Winston's Restaurant at Sullivan University in Louisville begins its monthly wine-tasting classes on Jan. 26. The first session, from 6 to 7:30 p.m., features wines of Northern California, presented by Southern Wine and Spirits. Cost is $25 and includes five tasting portions of the featured wines, light snacks and instructional materials. Winston's Wine Academy will be held one Thursday evening a month, and each class will feature a different region. Reservations are required. Call (502) 456-0980. Winston's is at 3101 Bardstown Road. Upcoming classes include South America: Chile and Argentina, 6 to 7:30 p.m. Feb. 23, with David Dubou from Vintner Select, and Oregon, 6 to 7:30 p.m. March 22, with Will Albert from Republic National.
Celebrate with a pie party
National Pie Day is Monday, and the American Pie Council suggests throwing a pie baking — and tasting — party with family, friends, and coworkers to raise money for a favorite charity. Recipes and tips on how to throw a pie party are at Piecouncil.org.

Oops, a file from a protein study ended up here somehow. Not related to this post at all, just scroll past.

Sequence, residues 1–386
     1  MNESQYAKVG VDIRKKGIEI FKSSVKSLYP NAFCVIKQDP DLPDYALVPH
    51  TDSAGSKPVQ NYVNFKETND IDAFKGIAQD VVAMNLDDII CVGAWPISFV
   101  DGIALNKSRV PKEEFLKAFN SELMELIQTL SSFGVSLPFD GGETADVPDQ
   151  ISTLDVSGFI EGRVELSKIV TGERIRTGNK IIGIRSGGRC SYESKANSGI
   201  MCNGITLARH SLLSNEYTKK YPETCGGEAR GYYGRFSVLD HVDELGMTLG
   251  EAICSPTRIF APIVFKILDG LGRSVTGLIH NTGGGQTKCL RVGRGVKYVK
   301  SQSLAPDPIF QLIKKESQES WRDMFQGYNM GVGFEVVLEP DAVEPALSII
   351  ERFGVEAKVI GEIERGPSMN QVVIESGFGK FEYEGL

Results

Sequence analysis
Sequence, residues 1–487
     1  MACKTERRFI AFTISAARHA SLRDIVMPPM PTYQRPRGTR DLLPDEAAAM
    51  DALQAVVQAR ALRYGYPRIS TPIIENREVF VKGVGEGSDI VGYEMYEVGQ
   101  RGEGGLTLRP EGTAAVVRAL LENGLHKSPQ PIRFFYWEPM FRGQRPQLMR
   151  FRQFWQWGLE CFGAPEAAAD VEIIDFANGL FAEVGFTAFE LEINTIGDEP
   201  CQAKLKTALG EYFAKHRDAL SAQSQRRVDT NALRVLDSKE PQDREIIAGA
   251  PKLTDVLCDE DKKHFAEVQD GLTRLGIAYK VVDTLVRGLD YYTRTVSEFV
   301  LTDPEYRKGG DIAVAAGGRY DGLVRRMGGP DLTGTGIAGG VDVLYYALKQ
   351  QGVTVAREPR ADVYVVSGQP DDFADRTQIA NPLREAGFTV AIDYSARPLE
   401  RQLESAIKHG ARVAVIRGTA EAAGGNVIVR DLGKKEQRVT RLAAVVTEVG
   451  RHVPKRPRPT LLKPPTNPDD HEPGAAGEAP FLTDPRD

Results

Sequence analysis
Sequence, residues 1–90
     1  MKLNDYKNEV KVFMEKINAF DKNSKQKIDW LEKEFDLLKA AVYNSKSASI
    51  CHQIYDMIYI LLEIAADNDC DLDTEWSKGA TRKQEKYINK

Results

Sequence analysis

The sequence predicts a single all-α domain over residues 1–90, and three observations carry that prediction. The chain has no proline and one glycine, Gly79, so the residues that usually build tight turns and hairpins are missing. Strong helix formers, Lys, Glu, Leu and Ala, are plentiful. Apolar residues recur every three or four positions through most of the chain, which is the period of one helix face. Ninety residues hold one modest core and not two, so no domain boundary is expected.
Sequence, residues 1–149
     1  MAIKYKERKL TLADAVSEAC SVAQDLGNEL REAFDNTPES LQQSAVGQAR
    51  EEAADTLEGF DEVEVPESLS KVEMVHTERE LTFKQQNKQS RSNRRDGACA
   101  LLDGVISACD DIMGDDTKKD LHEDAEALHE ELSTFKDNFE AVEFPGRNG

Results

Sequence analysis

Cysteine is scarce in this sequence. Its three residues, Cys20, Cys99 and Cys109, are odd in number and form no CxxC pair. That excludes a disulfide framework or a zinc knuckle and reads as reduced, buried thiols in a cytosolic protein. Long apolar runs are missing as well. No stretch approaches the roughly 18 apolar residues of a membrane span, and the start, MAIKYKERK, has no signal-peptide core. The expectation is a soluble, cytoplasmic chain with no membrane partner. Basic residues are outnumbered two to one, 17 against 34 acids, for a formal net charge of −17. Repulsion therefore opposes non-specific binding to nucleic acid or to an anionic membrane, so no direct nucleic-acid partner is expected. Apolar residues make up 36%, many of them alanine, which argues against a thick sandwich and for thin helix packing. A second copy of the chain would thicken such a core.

Bakers of all skill levels can enter the annual National Pie Championships, to be held April 27 to 29 in Orlando. Entry forms are at Piecouncil.org. Here's the recipe from Linda Hundt of DeWitt, Mich., who was winner of the Crisco Innovation best of show professional category last year.
Laura's sticky toffee pudding apple pie
1½ cups flour
¼ teaspoon baking powder
½ teaspoon salt
1 teaspoon sugar
¼ cup cold butter, cut in small pieces
½ cup refrigerated Crisco shortening
5 medium to large Michigan Cortland, Ida Red apples, peeled, thinly sliced, diced
1 cup brown sugar
3 tablespoons flour
4 tablespoons melted butter
2 teaspoons cinnamon
1 teaspoon lemon juice
¼ teaspoon salt
Sticky toffee pudding filling:
½ cup praline pecans (recipe follows)
1 stick butter, softened
½ cup brown sugar
2 tablespoons heavy cream
1 tablespoon lemon juice